Thursday, February 4, 2016

Friday Thinking 5 February 2016

Hello – Friday Thinking is curated on the basis of my own curiosity and offered in the spirit of sharing. Many thanks to those who enjoy this. 

In the 21st Century curiosity will SKILL the cat.

Data from a top corporate consultant shows where—and why—decision-making is getting clogged.
If you were to judge the current corporate era solely on the basis of business jargon, you would think we’re in a time of hyperspeed change. Silicon Valley gurus talk rapturously about “failing fast,” and words like “agility” and “acceleration” dot the titles of seemingly dozens of popular business books. But look closely at how things truly work in most organizations today, and “speed” and “agility” are likely to be the last adjectives that pop to mind.

Across my travels, I get to talk to hundreds of top managers at the world’s largest companies, and they share a common complaint: “It’s just so hard to get stuff done.” Such bureaucratic frustrations probably date back to the Medicis. But at CEB we’ve collected a wealth of data that indicates a clear and troubling reality: Most business activity is slowing down, not accelerating. In benchmarking the speed of key processes across the corporate sector, we find again and again that decision-making at even the most basic level has slowed materially over the past five to 10 years. A few examples from our research illustrate this trend.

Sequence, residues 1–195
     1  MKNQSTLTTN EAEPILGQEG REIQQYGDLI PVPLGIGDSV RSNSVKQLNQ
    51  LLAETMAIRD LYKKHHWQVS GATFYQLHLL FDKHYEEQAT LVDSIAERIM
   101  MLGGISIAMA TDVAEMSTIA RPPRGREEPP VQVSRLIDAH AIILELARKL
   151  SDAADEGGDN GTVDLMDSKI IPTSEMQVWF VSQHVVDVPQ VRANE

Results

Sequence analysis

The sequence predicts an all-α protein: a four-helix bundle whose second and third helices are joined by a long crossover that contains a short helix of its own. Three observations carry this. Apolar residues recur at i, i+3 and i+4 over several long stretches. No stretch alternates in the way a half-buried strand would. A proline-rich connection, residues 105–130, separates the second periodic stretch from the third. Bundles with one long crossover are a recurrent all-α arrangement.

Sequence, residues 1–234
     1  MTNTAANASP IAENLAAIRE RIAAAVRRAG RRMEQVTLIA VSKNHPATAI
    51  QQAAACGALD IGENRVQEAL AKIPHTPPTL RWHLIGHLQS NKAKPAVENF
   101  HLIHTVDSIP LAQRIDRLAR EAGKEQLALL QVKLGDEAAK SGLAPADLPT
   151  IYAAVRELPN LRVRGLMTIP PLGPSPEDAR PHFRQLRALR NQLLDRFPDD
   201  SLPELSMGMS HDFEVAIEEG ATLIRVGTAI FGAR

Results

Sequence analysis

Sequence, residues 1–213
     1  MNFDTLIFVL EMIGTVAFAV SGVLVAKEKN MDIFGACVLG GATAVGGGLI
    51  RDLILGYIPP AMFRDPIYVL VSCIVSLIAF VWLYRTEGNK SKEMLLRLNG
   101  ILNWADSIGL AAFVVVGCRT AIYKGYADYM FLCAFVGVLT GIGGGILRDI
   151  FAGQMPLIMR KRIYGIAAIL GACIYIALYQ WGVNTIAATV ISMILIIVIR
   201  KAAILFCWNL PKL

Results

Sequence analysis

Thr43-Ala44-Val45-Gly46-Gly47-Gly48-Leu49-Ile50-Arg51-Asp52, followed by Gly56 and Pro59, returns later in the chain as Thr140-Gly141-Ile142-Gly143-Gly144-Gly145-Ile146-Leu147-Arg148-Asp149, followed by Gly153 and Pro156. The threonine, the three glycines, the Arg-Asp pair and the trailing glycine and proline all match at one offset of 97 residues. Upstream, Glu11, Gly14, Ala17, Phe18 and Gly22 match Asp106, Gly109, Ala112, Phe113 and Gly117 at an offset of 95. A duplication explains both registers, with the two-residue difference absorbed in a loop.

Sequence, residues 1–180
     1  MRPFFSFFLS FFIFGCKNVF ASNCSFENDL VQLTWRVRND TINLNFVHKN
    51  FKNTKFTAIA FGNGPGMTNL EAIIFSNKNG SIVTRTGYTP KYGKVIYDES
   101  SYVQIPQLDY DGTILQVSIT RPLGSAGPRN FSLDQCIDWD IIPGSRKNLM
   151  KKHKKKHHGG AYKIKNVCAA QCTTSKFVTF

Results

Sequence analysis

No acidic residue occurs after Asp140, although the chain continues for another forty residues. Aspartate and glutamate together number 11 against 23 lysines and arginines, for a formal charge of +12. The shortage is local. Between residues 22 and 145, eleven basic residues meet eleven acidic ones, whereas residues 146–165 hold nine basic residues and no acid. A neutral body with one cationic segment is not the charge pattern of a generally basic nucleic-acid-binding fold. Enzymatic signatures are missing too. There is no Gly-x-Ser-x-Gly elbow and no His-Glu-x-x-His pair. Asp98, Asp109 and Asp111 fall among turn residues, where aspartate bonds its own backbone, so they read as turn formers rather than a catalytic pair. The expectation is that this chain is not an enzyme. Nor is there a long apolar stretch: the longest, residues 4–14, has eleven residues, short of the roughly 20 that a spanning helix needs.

The Hard Evidence: Business Is Slowing Down

But, Kittlaus says, all these virtual assistants he helped birth are limited in their capabilities. Enter Viv. “What happens when you have a system that is 10,000 times more capable?” he asks. “It will shift the economics of the internet.”
Meet Viv: the AI that wants to read your mind and run your life

Sjostrom ordered the implant from a Seattle-based website called Dangerous Things. Founder and CEO Amal Graafstra said the company sells a variety of implantable transponders, based on the same concept as microchips for pets. The most popular model goes for about $100 (U.S.).

Graafstra has a chip implanted in each hand, using them to do everything from getting into his house to starting his motorcycle.

It eliminates the need for keys, which he calls one of the “three burdens,” the other two being a phone and a wallet/purse. He likens the trio to a “modern-day Tamagotchi,” referring to the Japanese digital pet introduced in 1996, because they demand so much of our daily attention.

“It’s incredibly freeing” not having to carry anything else, he said over the phone from Seattle.

“(You) feel like you’re communicating with machines directly as a human being. You’ve upgraded yourself.” “He called it a digital tattoo,”